Wednesday, May 03, 2006


She is a small, brown dog, sitting in the middle of a traffic lane, causing a northbound traffic tie-up on Highway 19. A man grabs the scruff of her neck, lifts her off the ground and deposits her in a sitting position in a parking lot. He climbs on his motorcycle and drives away. The dog tries to stand and falls over. One hind leg is injured, possibly broken.

Three or four people walk over. When their curiosity is satisfied, they quickly wander away. It isn’t their problem.

But one teenage couple remains with her. The girl kneels, speaks softly and hesitantly strokes the frightened animal. The young man paces rapidly as he uses his cell phone to dial 911 and request help for the dog. He has a sock wrapped around the fingers of the hand the dog nipped when he tried to help her. The trauma of the accident was too fresh, too painful, and she lashed out instinctively. He isn’t bleeding, but his hand throbs.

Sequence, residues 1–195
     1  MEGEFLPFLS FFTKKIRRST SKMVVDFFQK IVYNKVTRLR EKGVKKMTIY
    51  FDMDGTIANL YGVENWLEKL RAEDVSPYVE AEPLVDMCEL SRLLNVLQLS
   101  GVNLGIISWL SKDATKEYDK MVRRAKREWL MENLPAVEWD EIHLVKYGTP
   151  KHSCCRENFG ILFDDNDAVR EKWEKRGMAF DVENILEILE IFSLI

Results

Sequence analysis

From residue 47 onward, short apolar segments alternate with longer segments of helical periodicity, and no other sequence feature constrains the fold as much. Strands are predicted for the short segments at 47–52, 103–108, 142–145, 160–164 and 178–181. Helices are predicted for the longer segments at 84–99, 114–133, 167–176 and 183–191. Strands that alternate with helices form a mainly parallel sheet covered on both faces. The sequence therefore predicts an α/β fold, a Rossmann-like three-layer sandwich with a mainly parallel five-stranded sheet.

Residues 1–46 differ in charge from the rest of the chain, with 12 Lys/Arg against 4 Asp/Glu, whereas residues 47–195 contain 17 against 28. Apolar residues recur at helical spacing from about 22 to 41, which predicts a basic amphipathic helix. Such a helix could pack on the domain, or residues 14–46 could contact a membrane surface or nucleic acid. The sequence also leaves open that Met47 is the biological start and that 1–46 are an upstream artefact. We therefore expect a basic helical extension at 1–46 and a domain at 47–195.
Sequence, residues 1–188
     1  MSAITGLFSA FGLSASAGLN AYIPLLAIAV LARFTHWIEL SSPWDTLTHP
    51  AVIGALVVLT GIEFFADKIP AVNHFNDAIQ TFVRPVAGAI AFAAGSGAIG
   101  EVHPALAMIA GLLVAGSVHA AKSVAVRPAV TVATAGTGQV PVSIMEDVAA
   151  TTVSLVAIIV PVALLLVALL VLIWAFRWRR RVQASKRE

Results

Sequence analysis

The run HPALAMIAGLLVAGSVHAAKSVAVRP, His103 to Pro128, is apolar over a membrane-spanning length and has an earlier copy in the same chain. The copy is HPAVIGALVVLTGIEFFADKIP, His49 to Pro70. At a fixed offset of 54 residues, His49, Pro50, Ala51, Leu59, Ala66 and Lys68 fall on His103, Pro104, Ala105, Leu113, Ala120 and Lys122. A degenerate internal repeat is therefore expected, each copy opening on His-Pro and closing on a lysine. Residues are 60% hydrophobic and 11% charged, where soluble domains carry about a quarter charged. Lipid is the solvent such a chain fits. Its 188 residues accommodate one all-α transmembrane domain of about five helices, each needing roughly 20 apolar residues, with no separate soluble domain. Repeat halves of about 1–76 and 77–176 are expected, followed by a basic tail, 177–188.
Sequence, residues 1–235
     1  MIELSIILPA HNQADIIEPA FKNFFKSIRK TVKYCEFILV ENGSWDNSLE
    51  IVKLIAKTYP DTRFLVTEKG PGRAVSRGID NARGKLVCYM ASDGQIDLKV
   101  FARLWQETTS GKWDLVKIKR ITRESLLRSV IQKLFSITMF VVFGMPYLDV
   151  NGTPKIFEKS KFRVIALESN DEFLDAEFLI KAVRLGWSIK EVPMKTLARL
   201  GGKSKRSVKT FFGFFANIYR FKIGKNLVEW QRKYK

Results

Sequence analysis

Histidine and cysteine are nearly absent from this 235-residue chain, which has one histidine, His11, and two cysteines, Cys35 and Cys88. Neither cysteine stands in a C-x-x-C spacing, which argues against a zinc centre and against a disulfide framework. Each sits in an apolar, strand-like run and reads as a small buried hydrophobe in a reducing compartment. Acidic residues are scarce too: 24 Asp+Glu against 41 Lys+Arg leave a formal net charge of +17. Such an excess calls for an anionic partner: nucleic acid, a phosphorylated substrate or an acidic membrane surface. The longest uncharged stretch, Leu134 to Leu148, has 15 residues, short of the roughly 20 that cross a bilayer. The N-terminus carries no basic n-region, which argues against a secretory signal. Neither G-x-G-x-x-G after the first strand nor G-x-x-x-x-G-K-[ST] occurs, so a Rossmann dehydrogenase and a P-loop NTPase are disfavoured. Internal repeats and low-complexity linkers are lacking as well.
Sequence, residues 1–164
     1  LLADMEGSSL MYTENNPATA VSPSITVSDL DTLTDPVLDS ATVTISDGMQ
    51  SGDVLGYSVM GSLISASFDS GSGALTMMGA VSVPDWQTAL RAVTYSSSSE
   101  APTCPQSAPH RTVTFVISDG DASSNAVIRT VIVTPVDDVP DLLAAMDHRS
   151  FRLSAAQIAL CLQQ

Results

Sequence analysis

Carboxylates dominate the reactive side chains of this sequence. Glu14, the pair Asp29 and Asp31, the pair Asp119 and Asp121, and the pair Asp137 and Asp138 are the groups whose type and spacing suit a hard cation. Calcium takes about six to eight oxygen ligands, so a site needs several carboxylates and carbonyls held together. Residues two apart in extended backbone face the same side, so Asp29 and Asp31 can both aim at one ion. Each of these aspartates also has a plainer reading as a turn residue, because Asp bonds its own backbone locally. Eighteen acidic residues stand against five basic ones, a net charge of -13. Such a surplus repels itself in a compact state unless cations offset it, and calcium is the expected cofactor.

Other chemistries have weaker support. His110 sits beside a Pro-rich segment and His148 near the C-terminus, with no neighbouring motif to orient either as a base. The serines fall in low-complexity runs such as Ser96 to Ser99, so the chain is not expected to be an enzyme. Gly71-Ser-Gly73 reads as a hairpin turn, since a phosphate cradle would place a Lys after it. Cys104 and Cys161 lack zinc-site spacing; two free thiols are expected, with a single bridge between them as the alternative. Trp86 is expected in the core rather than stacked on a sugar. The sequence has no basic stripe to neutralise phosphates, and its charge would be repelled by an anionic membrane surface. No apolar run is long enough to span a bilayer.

Sometimes life events hit us so hard they leave us sitting stunned in the road, unable to move on without help. Illness, injury, divorce, unemployment, debt, or a myriad of other unexpected incidents can impact us.

Many people will wander away when their curiosity is satisfied. It isn’t their problem. Friends will remain with us, speaking softly and doing what they can to ease our fears and offer support. It isn’t their problem, but, amazingly, strangers will appear to offer a hand of assistance.

Sometimes, when the trauma is fresh, we also lash out instinctively. We bite the hand that offers aid.

Sometimes we even lash out at our Lord. We often blame God for painful circumstances in life, even those times when we cause them. Still, knowing that in our panic we might bite, he offers a hand of encouragement.

The dog shows no signs of aggression. She is alert and quiet, without even a whimper. Once the initial shock is over, she realizes she is among friendly strangers.

This young man is not severely injured, but he was bitten for trying to do a good deed. His companion is undeterred as she offers comfort to an animal in pain. Each is prepared to overlook the initial response of the dog and to offer help.

This young couple reacts admirably. They invest a bit of time and concern in a stranger’s dog, despite the pain of the encounter. Because they care, this dog is alive and reunited with her owner.

Sometimes life bites. We feel its sting because we are alive. Nevertheless, resist the urge to bite back.

1 comment:

Vicki said...

Thanks for sharing this, Jan. I feel like that small brown dog sometimes.